Utagawa Hiroshige (1797-1858) Utagawa Kunisada/Toyokuni III (1786-1865) The Fifty-Three Stations by Two Brushes: No 23, Fujieda: Fording the Seto River, 1854. Oban.
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The Tokaido Road dates from 1603 and connected the two capitals, Edo and Kyoto. It was constructed by Tokugawa Iyeyasu and was used for processions of Lords twice a year to the ruler's palace in Edo. Hiroshige first travelled it in 1832, producing a fine series of prints of each of the fifty-three post-stations along the highway. He frequently returned to the subject which had made him famous, producing at least a dozen series of prints in his lifetime.
This is a series that rarely comes to the market. A Hiroshige set of Tokaido Road Stations with figures drawn by Kunisada. Both artists were well established and both artists were colleagues and friends it would seem. It is a fine series, clean, beautifully designed and nicely put together… of course Kunisada and Hiroshige had worked on the One Hundred Ogura Poets series in 1847 which also appears in this selection. The series was possibly a response to greater censorship regarding the decadence of woodblock printing, but more likely a response to an increasingly mobile and sophisticated audience. This print for example shows a single female being carried by porters, an occurrence impossible only a decade or two earlier. Despite then the primitive form of transport this is a modern image for mid century Japan.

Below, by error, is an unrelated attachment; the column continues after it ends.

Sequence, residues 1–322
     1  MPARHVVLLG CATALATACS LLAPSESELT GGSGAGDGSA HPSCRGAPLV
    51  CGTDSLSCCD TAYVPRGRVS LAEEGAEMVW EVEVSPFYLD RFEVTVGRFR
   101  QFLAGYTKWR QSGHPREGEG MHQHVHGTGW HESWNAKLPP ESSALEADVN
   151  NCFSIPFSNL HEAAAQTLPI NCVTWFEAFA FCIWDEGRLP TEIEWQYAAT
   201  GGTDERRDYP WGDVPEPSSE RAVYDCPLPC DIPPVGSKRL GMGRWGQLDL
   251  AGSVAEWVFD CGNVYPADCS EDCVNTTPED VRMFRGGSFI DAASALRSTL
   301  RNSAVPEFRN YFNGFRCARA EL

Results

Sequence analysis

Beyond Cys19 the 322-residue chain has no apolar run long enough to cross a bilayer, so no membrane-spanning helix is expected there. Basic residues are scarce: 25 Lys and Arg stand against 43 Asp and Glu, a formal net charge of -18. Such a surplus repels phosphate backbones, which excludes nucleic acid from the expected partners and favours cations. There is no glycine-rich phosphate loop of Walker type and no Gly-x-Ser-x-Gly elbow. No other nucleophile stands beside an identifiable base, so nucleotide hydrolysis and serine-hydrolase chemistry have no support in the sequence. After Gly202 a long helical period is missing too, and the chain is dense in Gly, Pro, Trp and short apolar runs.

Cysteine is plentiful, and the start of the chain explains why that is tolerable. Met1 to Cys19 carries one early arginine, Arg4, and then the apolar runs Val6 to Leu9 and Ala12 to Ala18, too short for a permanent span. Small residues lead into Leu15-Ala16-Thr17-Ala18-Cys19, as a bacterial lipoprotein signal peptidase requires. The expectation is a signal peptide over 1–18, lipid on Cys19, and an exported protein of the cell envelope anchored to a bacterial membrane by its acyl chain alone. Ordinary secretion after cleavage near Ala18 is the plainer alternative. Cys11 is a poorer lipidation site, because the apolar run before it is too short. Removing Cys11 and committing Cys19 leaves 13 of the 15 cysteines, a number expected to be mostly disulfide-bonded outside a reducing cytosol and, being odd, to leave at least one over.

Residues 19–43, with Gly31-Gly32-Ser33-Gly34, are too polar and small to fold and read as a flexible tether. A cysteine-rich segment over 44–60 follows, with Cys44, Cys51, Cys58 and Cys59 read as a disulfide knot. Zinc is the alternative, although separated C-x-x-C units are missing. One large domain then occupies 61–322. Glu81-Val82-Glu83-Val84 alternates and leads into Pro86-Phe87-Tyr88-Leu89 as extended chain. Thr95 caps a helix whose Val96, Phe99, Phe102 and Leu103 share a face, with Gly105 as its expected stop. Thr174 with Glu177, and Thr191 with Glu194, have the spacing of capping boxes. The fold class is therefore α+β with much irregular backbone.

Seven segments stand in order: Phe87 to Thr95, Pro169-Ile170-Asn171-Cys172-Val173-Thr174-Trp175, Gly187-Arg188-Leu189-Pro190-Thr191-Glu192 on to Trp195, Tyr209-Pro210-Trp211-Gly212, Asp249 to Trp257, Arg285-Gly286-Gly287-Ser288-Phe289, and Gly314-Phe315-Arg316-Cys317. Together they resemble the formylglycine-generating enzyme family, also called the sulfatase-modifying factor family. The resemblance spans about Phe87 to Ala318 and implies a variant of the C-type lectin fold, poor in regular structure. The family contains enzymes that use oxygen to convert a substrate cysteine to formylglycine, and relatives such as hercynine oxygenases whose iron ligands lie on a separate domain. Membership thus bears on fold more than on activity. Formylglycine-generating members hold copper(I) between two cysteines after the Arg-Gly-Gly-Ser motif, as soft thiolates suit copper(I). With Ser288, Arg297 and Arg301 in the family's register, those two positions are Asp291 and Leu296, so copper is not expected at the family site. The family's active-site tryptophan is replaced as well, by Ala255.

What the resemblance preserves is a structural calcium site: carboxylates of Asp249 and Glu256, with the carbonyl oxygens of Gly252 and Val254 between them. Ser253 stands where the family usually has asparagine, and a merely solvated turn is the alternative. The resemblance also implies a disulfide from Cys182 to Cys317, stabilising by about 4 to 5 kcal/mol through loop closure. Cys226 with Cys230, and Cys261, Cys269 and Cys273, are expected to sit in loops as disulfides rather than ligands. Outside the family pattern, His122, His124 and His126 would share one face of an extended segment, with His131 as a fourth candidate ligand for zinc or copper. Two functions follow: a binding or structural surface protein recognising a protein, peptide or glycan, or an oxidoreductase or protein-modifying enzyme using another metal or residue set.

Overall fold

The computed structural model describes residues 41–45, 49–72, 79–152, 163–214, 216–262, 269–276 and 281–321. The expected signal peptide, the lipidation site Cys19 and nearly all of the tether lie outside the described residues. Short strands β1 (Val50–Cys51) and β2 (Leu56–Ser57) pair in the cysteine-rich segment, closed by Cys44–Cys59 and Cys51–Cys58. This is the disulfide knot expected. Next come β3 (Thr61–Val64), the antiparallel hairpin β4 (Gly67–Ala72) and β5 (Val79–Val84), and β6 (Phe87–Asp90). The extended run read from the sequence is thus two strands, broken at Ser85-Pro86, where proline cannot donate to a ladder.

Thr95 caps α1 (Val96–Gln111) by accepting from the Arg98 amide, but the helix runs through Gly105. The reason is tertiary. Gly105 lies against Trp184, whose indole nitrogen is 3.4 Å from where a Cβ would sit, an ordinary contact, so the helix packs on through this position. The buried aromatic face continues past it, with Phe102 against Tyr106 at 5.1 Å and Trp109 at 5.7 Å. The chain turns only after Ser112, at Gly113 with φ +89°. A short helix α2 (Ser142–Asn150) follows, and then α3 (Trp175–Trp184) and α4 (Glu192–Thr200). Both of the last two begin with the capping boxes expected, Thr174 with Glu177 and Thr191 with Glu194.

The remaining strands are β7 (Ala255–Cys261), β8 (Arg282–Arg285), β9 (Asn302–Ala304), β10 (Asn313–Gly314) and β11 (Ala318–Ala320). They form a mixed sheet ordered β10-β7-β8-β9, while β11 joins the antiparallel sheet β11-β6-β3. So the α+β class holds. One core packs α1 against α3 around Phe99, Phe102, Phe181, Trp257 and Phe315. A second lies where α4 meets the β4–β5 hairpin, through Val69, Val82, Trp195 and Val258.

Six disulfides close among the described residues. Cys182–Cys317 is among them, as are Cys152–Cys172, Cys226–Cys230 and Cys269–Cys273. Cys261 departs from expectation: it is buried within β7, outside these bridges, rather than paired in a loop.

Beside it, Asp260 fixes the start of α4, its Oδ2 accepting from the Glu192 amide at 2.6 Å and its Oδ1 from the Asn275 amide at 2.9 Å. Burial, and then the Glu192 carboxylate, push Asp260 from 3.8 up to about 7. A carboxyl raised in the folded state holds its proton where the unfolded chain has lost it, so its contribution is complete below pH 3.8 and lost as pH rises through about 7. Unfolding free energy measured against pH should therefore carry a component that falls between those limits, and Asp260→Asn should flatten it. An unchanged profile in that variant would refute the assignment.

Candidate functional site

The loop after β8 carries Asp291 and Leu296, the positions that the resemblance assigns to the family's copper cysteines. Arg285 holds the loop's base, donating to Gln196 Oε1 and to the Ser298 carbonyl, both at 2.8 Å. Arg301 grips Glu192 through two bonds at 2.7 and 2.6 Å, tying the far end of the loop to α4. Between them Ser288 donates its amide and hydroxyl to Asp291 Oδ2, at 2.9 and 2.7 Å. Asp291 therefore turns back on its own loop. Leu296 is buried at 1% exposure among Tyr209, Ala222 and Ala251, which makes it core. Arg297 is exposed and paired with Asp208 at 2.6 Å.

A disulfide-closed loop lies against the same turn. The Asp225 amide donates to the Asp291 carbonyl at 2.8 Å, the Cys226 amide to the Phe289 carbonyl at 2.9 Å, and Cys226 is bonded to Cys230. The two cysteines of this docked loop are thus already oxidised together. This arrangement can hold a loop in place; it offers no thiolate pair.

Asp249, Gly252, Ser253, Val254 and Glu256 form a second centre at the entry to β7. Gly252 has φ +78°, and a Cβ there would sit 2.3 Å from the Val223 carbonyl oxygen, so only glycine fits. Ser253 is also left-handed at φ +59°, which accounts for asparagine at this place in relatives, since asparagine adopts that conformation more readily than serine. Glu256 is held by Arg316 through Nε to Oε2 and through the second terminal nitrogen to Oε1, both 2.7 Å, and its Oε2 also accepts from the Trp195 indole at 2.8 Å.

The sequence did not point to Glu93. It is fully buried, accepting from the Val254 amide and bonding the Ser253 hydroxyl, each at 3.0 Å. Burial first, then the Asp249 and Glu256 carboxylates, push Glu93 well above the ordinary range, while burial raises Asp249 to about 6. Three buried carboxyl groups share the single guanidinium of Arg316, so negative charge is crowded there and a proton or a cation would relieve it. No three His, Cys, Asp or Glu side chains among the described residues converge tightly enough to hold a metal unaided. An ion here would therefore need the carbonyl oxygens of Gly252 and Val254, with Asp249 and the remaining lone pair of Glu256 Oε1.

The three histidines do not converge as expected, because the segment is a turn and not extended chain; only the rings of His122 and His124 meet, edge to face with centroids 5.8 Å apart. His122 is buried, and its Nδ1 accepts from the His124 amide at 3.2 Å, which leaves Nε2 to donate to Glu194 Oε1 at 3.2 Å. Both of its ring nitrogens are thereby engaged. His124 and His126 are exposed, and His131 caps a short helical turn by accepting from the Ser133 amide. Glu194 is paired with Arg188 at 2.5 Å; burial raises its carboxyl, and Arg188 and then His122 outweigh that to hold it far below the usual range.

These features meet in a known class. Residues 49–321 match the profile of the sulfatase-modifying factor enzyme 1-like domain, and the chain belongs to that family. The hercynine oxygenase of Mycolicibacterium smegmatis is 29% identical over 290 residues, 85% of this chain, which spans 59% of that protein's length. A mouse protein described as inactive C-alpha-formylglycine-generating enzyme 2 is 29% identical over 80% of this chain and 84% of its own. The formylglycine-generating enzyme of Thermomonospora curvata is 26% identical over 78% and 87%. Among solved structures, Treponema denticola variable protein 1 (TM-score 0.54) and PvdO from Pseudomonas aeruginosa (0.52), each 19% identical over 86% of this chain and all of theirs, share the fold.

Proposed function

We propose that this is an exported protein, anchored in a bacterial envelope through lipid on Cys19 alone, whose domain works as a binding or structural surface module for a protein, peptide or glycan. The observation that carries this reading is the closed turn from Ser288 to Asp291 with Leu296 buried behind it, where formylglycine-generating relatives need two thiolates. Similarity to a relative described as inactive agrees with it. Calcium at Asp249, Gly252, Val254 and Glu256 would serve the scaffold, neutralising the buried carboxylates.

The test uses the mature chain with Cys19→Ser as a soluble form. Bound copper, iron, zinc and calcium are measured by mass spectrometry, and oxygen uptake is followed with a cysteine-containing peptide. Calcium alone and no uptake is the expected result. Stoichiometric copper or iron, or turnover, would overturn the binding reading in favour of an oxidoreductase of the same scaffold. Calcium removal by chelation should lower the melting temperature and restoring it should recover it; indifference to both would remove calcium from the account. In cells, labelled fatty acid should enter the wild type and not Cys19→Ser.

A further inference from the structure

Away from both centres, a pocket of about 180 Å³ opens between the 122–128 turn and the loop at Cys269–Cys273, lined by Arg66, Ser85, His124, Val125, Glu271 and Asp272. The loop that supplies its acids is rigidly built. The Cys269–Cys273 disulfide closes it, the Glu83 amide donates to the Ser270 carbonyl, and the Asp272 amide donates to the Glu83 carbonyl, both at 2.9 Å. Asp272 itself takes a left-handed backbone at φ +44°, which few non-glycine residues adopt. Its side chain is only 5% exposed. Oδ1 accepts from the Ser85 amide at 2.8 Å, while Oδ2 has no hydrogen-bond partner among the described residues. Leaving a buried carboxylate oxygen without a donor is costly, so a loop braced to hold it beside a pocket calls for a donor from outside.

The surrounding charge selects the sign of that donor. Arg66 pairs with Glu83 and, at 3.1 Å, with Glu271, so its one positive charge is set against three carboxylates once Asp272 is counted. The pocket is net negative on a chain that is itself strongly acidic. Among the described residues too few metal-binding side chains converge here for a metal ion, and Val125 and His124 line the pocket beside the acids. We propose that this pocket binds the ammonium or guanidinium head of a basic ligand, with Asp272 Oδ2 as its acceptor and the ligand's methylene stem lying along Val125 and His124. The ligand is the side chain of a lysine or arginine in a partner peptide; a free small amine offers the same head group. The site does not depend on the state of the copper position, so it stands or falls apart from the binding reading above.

Hiroshige’s landscape… a very fine one and in beautiful fresh condition, occupies the framed oblong in the upper part of the print. Kunisada’s figures are superimposed in the foreground but they do not jar nor intrude on the delicacy of the scene. The place commemorated is the river crossing at Fujieda; often the figure groups in the foreground are characters from folk stories or kabuki dramas, some even recognisable as well known actors although not, I think, in this case.
Full size, the condition and colour and impression are all very fine; the Hiroshige landscape scene is especially fresh, the woodgrain very visible in the bend of the river.
Publisher: Maruya Kyushiro.
24 x 36 cm.
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